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Preparing for the next conclave

March 17, 2013

The Catholic Church does not suffer from the “permanent election cycle” that marks the USA nor do I predict a short papacy, but the recent sede vacante and conclave exposed some weaknesses in the canon law governing such things and a few thoughts toward remedying those weaknesses seem in order.

First, to be clear, there are now 115 eligible papal electors; Darmaatmadja and O’Brien, are, however, very unlikely to attend a future conclave, leaving 113 voters as of this posting.

Second, Universi Dominici Gregis, John Paul II’s 1996 law by which papal interregna and conclaves are governed, suffers from several ambiguities, we see now, and was twice subjected to revision by Benedict XVI, such that the law is now frayed. UDG should be completely re-written.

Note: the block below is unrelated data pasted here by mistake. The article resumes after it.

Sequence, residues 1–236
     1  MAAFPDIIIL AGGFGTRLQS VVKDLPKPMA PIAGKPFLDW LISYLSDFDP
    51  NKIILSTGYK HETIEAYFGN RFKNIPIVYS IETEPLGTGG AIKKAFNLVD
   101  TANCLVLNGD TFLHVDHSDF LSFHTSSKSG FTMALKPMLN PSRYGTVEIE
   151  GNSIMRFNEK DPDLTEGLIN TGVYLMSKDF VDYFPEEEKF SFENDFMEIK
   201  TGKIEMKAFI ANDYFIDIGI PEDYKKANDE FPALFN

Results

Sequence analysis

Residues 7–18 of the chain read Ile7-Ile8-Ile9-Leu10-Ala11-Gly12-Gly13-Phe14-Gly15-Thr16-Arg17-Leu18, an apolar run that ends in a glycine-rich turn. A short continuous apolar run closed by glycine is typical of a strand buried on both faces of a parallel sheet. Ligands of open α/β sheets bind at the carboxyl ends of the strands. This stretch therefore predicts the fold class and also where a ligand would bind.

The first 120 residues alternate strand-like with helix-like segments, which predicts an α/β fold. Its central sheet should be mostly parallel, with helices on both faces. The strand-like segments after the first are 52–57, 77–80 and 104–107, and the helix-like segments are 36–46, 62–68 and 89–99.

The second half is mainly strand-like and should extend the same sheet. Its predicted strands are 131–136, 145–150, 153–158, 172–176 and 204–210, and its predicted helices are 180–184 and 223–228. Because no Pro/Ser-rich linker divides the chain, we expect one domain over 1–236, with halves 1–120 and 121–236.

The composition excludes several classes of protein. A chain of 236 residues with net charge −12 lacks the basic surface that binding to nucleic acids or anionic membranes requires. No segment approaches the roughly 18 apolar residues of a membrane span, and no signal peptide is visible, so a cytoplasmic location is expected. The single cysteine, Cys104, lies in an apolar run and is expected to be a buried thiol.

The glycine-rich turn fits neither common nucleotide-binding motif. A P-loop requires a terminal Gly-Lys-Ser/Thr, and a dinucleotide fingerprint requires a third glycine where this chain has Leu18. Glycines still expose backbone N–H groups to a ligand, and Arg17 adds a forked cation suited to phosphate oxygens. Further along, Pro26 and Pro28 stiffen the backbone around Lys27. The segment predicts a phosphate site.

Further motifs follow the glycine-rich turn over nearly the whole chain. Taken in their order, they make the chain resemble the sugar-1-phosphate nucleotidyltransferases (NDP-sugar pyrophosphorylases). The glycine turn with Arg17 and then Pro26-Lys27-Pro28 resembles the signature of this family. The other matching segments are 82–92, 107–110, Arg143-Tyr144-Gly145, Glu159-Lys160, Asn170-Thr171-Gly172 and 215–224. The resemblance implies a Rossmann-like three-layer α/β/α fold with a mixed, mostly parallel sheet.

Third, Canon 332 § 2 (on papal resignation) obviously represents more than a theoretical possibility invocable only under virtually unimaginable circumstances. Scholars must take a serious look at Benedict’s invocation of that canon and assess several issues raised in its wake, including: what is proper terminology for such act, what is the precise canonical status of an ex-pope, what are the consequences of making resignations effective at some hour other than midnight, does a lengthy delay between a resignation announcement and its effective date cause unnecessary turmoil in the Church, and should such delay impact the timing of a subsequent conclave?

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